Even the bullish Shtofman says that in real estate, intermediaries are going to be needed for the foreseeable future: attorneys for legal agreements, real estate agents for local knowledge, and title insurers to check a property’s provenance until a big group of proven-clean titles are loaded onto the blockchain. It’s hard to see how, in the short term, the scenario of a six-hour real estate sale could come to pass without eliminating time-consuming, in-person intermediary steps like a home inspection and attorney review of closing documents.
And many in the title insurance industry are skeptical that the new technology will ever significantly change the need for their services. The American Land Title Association argues that the number of quirky and obscure errors that can creep into a property’s title mean blockchain will never replace the need for human oversight. That “garbage-in” issue is known in the blockchain world as the “oracle problem,” says McBain, and there’s no easy solution.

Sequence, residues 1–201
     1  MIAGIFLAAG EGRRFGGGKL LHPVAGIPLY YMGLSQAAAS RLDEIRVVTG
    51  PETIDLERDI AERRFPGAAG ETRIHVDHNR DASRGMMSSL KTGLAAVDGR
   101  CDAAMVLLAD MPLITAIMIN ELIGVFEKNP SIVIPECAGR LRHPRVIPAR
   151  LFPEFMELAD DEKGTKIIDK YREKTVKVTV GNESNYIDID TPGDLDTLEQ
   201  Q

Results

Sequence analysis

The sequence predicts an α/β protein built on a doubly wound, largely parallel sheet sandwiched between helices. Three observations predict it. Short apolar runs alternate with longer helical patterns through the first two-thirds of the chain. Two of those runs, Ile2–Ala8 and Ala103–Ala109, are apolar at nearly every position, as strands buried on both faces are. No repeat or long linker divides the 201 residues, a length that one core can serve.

Mass adoption also depends on familiarity and trust, and on that score, Beadles says there’s a long way to go. Monarch Wallet has 200,000 users, which seems like a lot until you consider that popular payment app Venmo has 18 million and PayPal 10 million. Most companies too are paying little attention, according to one study: In a 2017 survey of more than 3,000 chief information officers around the world by research and advisory company Gartner, 43 percent said blockchain was on the radar but that they had no plans to test it, and 34 percent said they had no interest. Beadles himself advises caution. Though Splash Factory helps firms build custom blockchain apps, he advises companies not to get into blockchain “just because it sounds cool. Unless you have a part of your business that requires immutability and transparency, you don’t need blockchain.”
If he’s right, companies have some options for educating themselves. Lots of books out there offer good blockchain overviews. XYO cofounder Markus Levin suggests attending one of the area’s several blockchain Meetup groups, buying a few shares of a blockchain company, or putting a few dollars into a cryptocurrency, which will force you to learn more about how it all works.